6-12 December, Joint NEPAD Terra Africa missions to Rwanda (4-6 December) and Kenya (6-12 December).
11 December, ReSaKKs steering committee meeting, Nairobi, Kenya.
13-18 December, CAADP PP meeting, high-level meeting on agriculture and water declaration and the high-level meeting on the rising food prices, Tripoli / Sirte, Libya. Source : NEPAD News, november 28, 2008
The African Centre for Food Security (ACFS) at South Africa’s University of KwaZulu-Natal – the lead institution for activities and policy development of Pillar 3 of NEPAD’s Comprehensive Africa Agriculture Development Programme (CAADP) – is expected to take part in a Higher Education for Development programme, sponsored by USAID.
Applications have been requested for 20 awards of up to $50,000 for a five-month period. These awards – known as Africa-US Higher Education Initiative Planning Grants — are intended to support planning for long-term partnerships to strengthen the capacity of African higher education institutions in the areas of :
Agriculture, environment and natural resources ; Health ; Science and technology ; Engineering ; Education and teacher training/preparation ; and Business management and economics. The aim is also to increase the engagement of U.S. higher education institutions in Africa.
Higher Education for Development (www.hedprogram.org) mobilises the expertise and resources of the higher education community to address global development challenges.
All recognised, higher and post-secondary education institutions in USAID-eligible Sub-Saharan African countries can apply for the planning grants and participate in the partnership programme.
The USAID-eligible African countries are : Angola, Benin, Botswana, Burkina Faso, Burundi, Cameroon, Central African Republic, Cape Verde, Chad, Comoros, Congo, Democratic Republic of the Congo, Djibouti, Equatorial Guinea, Ethiopia, Gambia, Ghana, Guinea, Guinea-Bissau, Kenya, Lesotho, Liberia, Madagascar, Malawi, Mali, Mauritius, Mozambique, Namibia, Niger, Nigeria, Rwanda, Sao Tome and Principe, Seychelles, Somalia, Senegal, Sierra Leone, South Africa, Sudan, Swaziland, Tanzania, Togo, Uganda, and Zambia.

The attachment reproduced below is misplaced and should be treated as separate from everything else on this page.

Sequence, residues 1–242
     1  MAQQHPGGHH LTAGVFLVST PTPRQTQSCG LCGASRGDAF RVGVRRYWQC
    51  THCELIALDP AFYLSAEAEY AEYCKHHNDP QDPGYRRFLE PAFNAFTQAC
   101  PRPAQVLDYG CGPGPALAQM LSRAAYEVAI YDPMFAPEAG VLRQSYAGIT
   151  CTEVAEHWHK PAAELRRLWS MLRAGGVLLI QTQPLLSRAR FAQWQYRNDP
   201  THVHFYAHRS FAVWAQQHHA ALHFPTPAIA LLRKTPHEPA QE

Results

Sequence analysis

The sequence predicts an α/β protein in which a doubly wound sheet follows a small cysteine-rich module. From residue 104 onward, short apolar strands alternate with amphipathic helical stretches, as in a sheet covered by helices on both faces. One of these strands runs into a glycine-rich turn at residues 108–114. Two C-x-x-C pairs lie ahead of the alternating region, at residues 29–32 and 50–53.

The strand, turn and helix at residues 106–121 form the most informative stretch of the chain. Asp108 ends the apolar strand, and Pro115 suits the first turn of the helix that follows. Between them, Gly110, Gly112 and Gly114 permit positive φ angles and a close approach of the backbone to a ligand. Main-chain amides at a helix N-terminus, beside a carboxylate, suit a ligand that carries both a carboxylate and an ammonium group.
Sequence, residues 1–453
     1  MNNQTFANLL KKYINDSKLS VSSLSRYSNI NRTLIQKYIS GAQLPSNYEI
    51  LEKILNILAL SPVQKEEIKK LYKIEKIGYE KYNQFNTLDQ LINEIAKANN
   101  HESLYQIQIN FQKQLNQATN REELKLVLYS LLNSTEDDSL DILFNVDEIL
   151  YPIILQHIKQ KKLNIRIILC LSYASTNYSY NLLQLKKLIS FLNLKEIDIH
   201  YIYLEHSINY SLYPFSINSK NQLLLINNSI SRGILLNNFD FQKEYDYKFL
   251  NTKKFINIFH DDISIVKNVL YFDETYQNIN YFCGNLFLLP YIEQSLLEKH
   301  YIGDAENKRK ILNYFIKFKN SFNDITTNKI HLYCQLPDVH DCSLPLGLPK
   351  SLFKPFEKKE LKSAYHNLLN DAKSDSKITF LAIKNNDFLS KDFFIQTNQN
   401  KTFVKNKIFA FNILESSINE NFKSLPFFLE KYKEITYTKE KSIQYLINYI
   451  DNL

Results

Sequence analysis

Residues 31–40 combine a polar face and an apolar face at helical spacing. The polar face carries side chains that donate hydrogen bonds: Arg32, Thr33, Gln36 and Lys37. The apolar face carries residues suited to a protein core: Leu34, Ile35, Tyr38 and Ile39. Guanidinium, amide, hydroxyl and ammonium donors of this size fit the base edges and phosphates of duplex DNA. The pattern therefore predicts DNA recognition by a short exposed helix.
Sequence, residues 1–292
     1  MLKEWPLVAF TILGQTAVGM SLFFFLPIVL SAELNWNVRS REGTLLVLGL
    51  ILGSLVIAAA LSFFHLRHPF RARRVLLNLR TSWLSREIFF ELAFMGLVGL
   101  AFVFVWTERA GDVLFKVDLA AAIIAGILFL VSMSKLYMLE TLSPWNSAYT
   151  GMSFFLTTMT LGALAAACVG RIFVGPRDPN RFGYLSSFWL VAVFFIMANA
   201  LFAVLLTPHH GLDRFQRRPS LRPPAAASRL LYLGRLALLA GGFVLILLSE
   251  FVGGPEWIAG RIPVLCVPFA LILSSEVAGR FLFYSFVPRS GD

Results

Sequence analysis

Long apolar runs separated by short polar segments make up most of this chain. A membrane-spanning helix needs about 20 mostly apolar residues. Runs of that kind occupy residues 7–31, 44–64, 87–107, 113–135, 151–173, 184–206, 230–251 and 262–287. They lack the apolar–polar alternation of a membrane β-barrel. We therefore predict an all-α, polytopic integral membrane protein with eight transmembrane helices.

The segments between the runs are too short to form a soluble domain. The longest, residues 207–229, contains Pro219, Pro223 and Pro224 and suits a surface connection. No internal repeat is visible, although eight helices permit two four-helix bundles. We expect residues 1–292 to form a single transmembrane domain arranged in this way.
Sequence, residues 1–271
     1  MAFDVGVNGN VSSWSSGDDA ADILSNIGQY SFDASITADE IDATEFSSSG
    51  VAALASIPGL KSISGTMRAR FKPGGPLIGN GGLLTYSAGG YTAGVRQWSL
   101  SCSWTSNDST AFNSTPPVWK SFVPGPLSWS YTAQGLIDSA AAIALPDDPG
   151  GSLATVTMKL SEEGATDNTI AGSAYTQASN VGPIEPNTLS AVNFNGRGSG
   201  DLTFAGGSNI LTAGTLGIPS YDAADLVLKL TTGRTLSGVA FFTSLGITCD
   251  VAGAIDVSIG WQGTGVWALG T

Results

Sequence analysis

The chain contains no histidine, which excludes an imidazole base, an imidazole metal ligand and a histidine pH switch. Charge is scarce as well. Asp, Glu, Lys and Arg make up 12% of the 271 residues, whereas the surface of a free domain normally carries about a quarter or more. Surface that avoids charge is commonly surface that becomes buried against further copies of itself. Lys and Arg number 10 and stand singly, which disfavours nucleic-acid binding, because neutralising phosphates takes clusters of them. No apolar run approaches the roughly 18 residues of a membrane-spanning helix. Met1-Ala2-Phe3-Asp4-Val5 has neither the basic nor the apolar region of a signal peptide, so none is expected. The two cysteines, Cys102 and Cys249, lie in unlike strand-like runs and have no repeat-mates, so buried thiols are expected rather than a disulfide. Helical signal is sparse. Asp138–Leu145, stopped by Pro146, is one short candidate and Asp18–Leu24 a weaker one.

The closing date for application is 2 February 2009.
University’s role in the CAADP Commenting on the role of the University of KwaZulu-Natal in the CAADP, Prof. Sheryl Hendriks, director of the ACFS, said : “Part of our mandate is to lead food security training and analysis across Africa.
“To this end, we have an extensive network of partner institutions and are seeking to establish stronger linkages with at least one university in each of the five economic regions,” she added.
The University of KwaZulu-Natal is among the largest contact teaching universities in Southern Africa, with nearly 40,000 students spread across five campuses.
The institution is rated among the top 5% of universities worldwide and had over 250 active linkages with other higher education institutions in Africa and globally. it enjoys the confidence of a wide range of prestigious international research-funding agencies and philanthropic organisations.
“Playing a lead role in contributing to CAADP’s principles of African solutions for African scholarship and the university is delighted to play a lead role in Pillar 3,” said Professor Hendriks. Source : NEPAD News, november 28, 2008
Uganda has not yet met the terms of the 2003 resolutions of the Comprehensive Africa Agriculture Development Programme (CAADP), geared towards fighting poverty through aligning more funding to the agricultural sector.
Governments agreed to increase public investment in agriculture in their national budgets to a minimum of 10% to 2008 and to maintain a growth rate of 6%.
However Uganda’s agricultural growth has stagnated at below 4% for many years. It was 0.4% in 2007, while funding rotates around 4%.
During a conference at Munyonyo recently, the State Minister for Agriculture, Bright Rwamirama, decried the low funding to the agriculture sector. He said this impacted on the fight against poverty, the prime objective of NEPAD/CAADP.
“We need to do more financing of the sector if poverty is to be fought. Agriculture is implemented in remote areas with hardly any infrastructure and it is susceptible to weather vagaries,” Rwamirama said.